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Health & Fitness

10 African Herbs That May Help Patients With Tuberculosis

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World Tuberculosis Day is an annual celebration on the 24th of March. This event aims to create awareness about the social, economic, and devastating health of tuberculosis (TB). Also, it highlights the need to step up efforts to end the global tuberculosis epidemic. The date coincides with the day Dr. Robert Koch announced the discovery of the causative organism (Mycobacterium tuberculosis) for tuberculosis in 1882. With the rise in multidrug-resistant TB, scientists are exploring African herbs for alternatives. Consequently, some African herbs are showing great promise in helping patients with tuberculosis.

Tuberculosis is still one of the world’s deadliest infectious diseases. Statistics show that approx. 4,000 people die daily from tuberculosis. This can be worse with the current COVID-19 outbreak. Medical records show that fatality is higher among people with underlying health conditions. The theme of World Tuberculosis Day 2020 is ‘It’s time’. This accentuates the urgency to act on the commitments by global leaders to:

  • Scale-up access to prevention and treatment
  • Build accountability
  • Ensure sufficient and sustainable financing including for research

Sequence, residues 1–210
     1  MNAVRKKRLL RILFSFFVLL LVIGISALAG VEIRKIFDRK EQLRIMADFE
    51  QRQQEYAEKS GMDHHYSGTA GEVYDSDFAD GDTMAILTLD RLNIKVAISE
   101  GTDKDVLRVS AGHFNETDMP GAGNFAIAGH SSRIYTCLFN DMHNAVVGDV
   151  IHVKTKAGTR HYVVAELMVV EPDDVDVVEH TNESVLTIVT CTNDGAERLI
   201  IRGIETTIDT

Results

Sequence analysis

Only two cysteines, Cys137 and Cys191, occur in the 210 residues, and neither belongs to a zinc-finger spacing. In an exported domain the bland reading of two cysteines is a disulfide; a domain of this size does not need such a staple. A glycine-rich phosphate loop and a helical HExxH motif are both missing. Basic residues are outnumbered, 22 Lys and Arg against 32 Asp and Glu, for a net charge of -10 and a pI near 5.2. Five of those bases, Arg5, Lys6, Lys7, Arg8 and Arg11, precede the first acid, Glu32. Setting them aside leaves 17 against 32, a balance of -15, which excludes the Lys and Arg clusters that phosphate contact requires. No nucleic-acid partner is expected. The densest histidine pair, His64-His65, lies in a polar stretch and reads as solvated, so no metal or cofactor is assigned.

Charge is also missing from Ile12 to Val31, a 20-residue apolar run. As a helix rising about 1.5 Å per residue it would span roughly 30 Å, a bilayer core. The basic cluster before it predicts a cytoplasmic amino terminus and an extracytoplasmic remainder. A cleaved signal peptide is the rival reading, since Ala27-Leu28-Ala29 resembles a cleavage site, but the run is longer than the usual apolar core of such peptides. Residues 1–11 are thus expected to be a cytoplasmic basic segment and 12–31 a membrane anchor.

• Promote an end to stigma and discrimination; and
  • Promote an equitable, rights-based and people-centered TB response

The COVID-19 pandemic is straining the health system. Consequently, some TB patients may face a shortage of healthcare and medication. Therefore, it is probably the best time to consider exploring African herbs with benefits against TB. In commemoration of the World Tuberculosis Day, we present a list of 10 African herbs with beneficial properties for TB patients.

African Herbs with Positive Benefits against Tuberculosis

It is important to mention that some of the African herbs below are only cultivated in certain parts of the continent. However, because of Africa’s interconnectedness, it is possible to find them in other regions. Also, some are not native to Africa but strive well in certain parts of the continent. However, the odds are high that you will find a herb available in your region. One thing that these African herbs try to do is to eliminate the emergence of multidrug-resistant (MDR) TB. This is crucial in the fight against TB.

#10. Juniperus communis